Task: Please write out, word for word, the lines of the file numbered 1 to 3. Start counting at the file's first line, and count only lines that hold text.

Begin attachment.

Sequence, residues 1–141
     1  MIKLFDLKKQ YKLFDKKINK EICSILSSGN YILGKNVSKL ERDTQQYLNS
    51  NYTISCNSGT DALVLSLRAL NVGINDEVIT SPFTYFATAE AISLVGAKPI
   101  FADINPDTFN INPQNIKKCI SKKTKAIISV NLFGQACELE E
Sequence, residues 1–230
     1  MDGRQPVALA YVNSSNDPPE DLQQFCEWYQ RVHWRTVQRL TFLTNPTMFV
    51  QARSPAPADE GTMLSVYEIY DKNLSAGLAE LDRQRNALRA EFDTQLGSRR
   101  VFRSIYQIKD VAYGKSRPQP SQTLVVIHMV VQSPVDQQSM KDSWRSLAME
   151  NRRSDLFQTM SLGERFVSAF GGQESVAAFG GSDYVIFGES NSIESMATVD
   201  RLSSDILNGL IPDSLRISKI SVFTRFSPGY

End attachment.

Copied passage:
Sequence, residues 1–141
     1  MIKLFDLKKQ YKLFDKKINK EICSILSSGN YILGKNVSKL ERDTQQYLNS
    51  NYTISCNSGT DALVLSLRAL NVGINDEVIT SPFTYFATAE AISLVGAKPI